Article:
QLTS: Your Ultimate Guide
To sit for the QLTS, you must be fully qualified and entitled to practice as a lawyer (or the local equivalent) in your home jurisdiction. There is no minimum practise experience requirement. Your home jurisdiction must be a Recognised Jurisdiction appearing in the list published by the Solicitors Regulation Authority (most of the world’s jurisdictions appear on this list). You must also satisfy the SRA that your personal character is suitable for the practice of law.
The QLTS assessment is composed of two sections:
(i) a 180-item Multiple Choice Test (MCT), which tests academic skills and
(ii) the Objective Structured Clinical Examination (OSCE), which tests practical skills. You must pass the MCT before you can enroll for the OSCE, and you must pass both sections to qualify (under very limited circumstances, such as if the applicant is qualified to practice in Scotland or Northern Ireland, the MCT requirement can be waived).
What subjects and skills are tested on the QLTS?
There are a number of subjects and skills tested on the QLTS, in two 90-question sessions of two hours and forty-five minutes each:
Legal institutions of England, Wales and the EU;
Constitutional law and judicial review;
Ethics and professional conduct;
Business, legal and financial regulation;
Equitable rights and obligations;
Human rights; and
Business and corporate law.
The OSCE is divided into two parts. Part I tests interviewing and advocacy/oral presentations, while Part II tests online legal research, legal drafting and writing. All of the skills tested in Part I and Part II will be tested (including the use of actors as “clients”) in the context of Business, Civil and Criminal Litigation, and Property and Probate, for a total of 18 assessments over six half-day exams.
When should I take the QLTS?
The MCT is offered in July 2020 and January 2021. Certain overseas testing sites will be available for the MCT including New York, continental Europe, China and India. The OSCE must be taken in central London during the May, July or November sittings. Please note that the QLTS will be replaced with a new system after the last administration of the MCT in July 2021 (see below for details).
The new qualifying system
Once the current QLTS system expires in 2021, all solicitors, whether from England, Wales or elsewhere in the world, will qualify by passing the Solicitors Qualifying Exam. Those who pass the MCT by the last administration in July 2021 will have one additional year to pass the OSCE and qualify under the QLTS system.
Most students take six to eight months to prepare for the QLTS, and first-time passage is not uncommon with this level of preparation. Most prep courses advise a study schedule of about 15 hours per week during this period.
How can I afford the QLTS?
QLTS scholarships are difficult to find, because applicants are typically lawyers who are employed full-time. QLTS expenses are typically funded in two ways: (i) the applicant funds themselves, or (ii) the applicant’s employer provides funding.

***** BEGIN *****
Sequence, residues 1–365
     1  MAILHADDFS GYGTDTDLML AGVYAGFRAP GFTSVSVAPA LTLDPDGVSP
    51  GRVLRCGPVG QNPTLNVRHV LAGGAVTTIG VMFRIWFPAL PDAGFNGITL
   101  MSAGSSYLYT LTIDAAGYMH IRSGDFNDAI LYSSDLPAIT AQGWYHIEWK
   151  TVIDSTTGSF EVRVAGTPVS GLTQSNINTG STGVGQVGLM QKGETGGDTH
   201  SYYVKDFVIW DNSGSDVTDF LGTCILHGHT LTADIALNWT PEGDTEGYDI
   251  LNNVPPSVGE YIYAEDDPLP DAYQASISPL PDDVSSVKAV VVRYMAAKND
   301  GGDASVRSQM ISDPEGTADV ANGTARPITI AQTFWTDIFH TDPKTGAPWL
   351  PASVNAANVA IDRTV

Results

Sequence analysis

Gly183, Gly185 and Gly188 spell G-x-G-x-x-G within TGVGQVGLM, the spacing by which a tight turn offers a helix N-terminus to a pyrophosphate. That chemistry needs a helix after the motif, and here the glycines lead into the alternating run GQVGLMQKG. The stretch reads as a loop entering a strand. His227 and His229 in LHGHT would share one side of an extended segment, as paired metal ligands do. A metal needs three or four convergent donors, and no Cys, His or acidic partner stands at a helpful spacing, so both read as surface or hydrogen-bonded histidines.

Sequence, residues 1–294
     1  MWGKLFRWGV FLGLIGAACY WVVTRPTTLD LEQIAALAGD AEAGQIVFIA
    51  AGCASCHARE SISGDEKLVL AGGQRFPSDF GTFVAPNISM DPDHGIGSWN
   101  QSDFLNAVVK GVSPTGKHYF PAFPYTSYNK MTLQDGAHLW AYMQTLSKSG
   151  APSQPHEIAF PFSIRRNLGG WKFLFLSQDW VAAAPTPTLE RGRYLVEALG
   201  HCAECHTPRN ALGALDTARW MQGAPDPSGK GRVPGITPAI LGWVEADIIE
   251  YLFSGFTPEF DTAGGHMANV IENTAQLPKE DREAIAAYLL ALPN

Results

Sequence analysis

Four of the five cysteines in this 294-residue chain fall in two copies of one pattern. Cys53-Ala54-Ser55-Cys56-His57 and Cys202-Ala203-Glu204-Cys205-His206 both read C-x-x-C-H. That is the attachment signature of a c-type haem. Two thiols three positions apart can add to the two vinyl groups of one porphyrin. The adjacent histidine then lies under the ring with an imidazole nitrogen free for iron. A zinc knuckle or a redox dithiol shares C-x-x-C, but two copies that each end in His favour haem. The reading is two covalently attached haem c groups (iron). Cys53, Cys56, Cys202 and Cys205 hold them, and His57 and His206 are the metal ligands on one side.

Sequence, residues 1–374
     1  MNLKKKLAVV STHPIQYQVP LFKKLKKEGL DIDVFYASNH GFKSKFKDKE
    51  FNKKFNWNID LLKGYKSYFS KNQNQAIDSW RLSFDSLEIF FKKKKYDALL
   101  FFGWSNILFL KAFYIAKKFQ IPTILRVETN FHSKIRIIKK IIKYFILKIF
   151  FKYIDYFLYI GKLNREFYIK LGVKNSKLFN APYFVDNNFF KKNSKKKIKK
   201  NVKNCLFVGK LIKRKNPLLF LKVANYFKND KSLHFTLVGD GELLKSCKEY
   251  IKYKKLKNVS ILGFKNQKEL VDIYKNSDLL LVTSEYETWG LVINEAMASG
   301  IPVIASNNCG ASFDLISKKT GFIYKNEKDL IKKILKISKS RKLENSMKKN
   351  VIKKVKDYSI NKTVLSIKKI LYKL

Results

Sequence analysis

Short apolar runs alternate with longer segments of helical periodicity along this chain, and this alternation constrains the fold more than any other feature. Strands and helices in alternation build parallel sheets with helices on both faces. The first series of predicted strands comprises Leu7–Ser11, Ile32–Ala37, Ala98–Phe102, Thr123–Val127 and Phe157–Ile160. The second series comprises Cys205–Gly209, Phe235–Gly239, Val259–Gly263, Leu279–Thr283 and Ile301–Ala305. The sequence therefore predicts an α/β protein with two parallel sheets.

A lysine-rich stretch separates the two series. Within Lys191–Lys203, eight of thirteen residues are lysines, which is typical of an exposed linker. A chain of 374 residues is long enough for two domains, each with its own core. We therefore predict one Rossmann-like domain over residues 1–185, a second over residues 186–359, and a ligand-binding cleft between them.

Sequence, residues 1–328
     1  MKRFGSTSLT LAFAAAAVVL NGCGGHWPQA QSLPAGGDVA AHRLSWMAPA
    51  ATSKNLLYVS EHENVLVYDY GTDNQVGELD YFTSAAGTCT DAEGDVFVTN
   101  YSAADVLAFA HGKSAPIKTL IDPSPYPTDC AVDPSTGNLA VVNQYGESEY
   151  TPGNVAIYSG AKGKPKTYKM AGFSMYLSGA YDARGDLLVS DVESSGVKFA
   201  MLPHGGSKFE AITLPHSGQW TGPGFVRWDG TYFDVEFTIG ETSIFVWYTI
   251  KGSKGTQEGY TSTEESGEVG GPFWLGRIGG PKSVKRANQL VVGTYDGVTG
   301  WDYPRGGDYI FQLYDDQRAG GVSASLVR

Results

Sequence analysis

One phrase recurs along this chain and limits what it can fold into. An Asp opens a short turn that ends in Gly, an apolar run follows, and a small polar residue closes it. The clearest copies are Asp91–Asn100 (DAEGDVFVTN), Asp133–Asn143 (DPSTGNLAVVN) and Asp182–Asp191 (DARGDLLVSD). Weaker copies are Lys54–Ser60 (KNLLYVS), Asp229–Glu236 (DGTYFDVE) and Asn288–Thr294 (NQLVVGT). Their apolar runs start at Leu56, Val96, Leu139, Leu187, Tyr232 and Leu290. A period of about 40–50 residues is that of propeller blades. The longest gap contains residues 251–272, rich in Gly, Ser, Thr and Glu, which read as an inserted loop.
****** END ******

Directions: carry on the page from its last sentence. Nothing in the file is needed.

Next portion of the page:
Where can I study the QLTS?
It is essential that you prepare thoroughly for the QLTS exams, and a number of organisations provide the necessary training. The most prominent among these is QLTSchool, which trains about 75 percent of the students who pass the MCT. Other training courses exist as well, and they offer varying degrees of quality. You do not have to come to the UK to take this course -- you can study at home using online resources.
Prices range from just under £1,000 to well over £2,000, depending on how extensively you wish to prepare. A second language speaker of English or an applicant from a civil law jurisdiction, for example, may require more preparation time.
How competitive is the QLTS?
The QLTS is very competitive. If anything, expectations are higher than they are for UK law students seeking to qualify as solicitors for the first time. Even though all QLTS students must be qualified lawyers in their home jurisdictions, the overall pass rate is only about 50 percent.
When and how should I apply?
Application deadlines vary by test location, but they typically fall between six and eight weeks before the exam date. You must book the MCT and the OSCE separately. Please note that booking for the OSCE is competitive, and seats may be filled several months before the exam date.
You can book an MCT assessment by creating a Pearson Vue Web Account and then booking a seat via your account, or by calling the Pearson Customer Service Centre (+44 161 855 7584). MCT applicants taking the MCT for the first time must submit the Kaplan QLTS MCT Registration Form before they can book an MCT assessment.
If you have already sat for the MCT, you can book the OSCE by submitting an online Kaplan QLTS OSCE Booking Request.
The rules are slightly different for applicants who have yet to sit for the MCT, who have already sat for the assessment before, or who have been granted an exemption from taking the MCT.
Don’t wait for the new qualifying procedure to come into effect
Most observers recommend that you sit for the QLTS while it is still available, rather than waiting to qualify under the upcoming SQE system, because (i) the SQE is likely to be more difficult and more expensive than the QLTS, (ii) the SRA may impose a practice experience requirement, (iii) an English language test may be required for some applicants, and (iv) it is unlikely that the SQE will be offered overseas.